doi = "10.1111/jir.12305",
language = "English",
volume = "60",
pages = "667--667",
journal = "Journal of Intellectual Disability Research",
issn = "0964-2633",
publisher = "Wiley-Blackwell Publishing Ltd",
number = "7-8",

}

TY - JOUR

T1 - Attitudes of health and social care professionals to the palliative care needs of people with intellectual disability in the UK, Portugal and Nigeria

AU - Forrester-Jones, Rachel

AU - Oliver, David J.

PY - 2016/7/31

Y1 - 2016/7/31

N2 - Aim:To compare the attitudes of health and social care professionals towards death and dying of people with intellectual and developmental disabilities (IDD)across countries. Method: Focus groups were held with medical, nursing and social care professionals in the UK (n=25), Portugal (n=15) and Nigeria (n=8).Results:In the UK, palliative care was reported to being consistent; few participants received relevant training and people with IDD were felt to be marginalised from decisions about their end of life care. Staff were concerned about assessment and management of symptoms. In Portugal there was generally little understanding of palliative care and limited discussion regarding death and dying with patients and families;relatives often having unrealistic expectations of treatment. People with IDD were mainly cared for within institutions; home care was not always successful.In Nigeria people with IDD were viewed as "different"and "difficult to handle" and there were few resources to help in their care. Conclusions: Profound differences in attitudes to palliative care needs of people with IDD exist reflecting societal taboos. Local developments are hindered by deeper cultural attitudes regarding the discussion of diagnosis and care indifferent countries.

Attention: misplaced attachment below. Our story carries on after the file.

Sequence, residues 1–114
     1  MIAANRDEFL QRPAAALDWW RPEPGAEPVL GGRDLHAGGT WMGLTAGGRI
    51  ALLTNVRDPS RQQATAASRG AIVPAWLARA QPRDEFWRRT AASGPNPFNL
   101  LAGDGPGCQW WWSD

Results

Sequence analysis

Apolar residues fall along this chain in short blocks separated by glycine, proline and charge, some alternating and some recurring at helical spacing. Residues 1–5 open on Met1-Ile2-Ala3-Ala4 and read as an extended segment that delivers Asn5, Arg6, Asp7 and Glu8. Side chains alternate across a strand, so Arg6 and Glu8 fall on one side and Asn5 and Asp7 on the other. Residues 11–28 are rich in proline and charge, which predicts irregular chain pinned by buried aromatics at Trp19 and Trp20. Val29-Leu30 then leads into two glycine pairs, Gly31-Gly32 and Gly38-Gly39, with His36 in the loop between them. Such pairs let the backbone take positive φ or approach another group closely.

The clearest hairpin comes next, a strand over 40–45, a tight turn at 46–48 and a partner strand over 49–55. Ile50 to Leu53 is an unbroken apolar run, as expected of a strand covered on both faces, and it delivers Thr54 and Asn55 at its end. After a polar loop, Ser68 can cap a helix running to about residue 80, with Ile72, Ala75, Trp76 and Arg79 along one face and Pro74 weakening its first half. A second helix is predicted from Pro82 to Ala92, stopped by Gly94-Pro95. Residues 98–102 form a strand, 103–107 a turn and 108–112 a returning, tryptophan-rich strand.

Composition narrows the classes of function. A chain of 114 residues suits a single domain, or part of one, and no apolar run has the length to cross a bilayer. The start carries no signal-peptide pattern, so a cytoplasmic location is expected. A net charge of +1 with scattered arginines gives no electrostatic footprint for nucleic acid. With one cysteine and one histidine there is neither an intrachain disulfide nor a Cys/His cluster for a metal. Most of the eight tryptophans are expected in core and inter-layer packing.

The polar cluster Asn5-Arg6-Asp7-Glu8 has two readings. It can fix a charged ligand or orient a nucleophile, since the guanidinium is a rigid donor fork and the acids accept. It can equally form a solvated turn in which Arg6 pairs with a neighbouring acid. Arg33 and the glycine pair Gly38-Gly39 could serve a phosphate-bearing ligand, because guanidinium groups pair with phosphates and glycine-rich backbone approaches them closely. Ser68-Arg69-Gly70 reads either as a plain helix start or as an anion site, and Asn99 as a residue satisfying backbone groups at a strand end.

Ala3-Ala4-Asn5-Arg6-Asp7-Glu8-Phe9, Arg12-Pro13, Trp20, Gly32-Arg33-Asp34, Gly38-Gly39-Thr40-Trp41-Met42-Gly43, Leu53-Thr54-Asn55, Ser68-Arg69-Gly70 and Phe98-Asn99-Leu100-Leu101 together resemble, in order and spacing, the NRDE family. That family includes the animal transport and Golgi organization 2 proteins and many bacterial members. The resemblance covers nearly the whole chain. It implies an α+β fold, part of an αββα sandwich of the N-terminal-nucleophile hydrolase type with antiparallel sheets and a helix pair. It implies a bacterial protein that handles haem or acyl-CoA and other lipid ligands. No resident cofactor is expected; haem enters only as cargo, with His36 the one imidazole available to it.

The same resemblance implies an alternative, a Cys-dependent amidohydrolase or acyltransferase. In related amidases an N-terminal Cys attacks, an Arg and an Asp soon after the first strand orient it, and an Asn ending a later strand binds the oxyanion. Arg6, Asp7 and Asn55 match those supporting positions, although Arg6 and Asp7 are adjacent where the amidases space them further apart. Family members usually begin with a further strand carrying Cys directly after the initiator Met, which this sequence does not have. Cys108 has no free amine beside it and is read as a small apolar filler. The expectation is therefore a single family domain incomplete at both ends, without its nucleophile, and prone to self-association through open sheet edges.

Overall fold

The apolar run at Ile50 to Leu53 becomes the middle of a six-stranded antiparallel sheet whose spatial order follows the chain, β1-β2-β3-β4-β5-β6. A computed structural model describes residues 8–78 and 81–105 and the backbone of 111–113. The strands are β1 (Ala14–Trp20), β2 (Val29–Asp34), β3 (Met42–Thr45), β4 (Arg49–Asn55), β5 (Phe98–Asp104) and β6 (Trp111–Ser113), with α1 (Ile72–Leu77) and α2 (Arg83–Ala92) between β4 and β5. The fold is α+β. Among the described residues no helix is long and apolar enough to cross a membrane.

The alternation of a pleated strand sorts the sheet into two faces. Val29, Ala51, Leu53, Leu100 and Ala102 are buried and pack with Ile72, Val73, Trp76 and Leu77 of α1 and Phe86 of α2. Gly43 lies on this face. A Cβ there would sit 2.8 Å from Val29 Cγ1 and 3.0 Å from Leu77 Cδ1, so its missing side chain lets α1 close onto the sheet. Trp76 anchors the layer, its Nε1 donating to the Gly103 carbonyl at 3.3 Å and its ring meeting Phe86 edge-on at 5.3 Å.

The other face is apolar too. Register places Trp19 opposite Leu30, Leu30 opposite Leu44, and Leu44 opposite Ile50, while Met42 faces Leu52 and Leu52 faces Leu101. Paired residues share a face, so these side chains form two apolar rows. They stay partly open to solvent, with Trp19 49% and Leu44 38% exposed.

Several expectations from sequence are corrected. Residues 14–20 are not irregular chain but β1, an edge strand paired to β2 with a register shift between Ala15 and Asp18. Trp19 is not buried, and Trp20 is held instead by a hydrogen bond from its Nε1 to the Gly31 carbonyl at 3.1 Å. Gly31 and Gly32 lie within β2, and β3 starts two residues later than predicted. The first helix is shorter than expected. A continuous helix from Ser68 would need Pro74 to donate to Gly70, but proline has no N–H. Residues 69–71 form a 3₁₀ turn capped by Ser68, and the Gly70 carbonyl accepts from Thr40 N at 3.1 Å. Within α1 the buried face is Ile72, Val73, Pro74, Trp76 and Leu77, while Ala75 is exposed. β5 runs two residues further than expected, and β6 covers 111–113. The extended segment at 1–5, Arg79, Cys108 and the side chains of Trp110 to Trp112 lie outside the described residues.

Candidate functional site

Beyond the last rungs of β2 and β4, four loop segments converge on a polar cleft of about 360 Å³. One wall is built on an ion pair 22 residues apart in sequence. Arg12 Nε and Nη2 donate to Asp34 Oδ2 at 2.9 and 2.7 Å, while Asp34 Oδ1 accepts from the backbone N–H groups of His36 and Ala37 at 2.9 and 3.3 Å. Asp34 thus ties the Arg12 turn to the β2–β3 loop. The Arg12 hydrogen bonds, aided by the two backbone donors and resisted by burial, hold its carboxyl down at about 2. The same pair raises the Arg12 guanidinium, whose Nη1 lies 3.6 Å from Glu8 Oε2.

AB - Aim:To compare the attitudes of health and social care professionals towards death and dying of people with intellectual and developmental disabilities (IDD)across countries. Method: Focus groups were held with medical, nursing and social care professionals in the UK (n=25), Portugal (n=15) and Nigeria (n=8).Results:In the UK, palliative care was reported to being consistent; few participants received relevant training and people with IDD were felt to be marginalised from decisions about their end of life care. Staff were concerned about assessment and management of symptoms. In Portugal there was generally little understanding of palliative care and limited discussion regarding death and dying with patients and families;relatives often having unrealistic expectations of treatment. People with IDD were mainly cared for within institutions; home care was not always successful.In Nigeria people with IDD were viewed as "different"and "difficult to handle" and there were few resources to help in their care. Conclusions: Profound differences in attitudes to palliative care needs of people with IDD exist reflecting societal taboos. Local developments are hindered by deeper cultural attitudes regarding the discussion of diagnosis and care indifferent countries.

U2 - 10.1111/jir.12305

DO - 10.1111/jir.12305

M3 - Meeting abstract

VL - 60

SP - 667

EP - 667

JO - Journal of Intellectual Disability Research

T2 - Journal of Intellectual Disability Research

JF - Journal of Intellectual Disability Research

SN - 0964-2633

IS - 7-8

ER -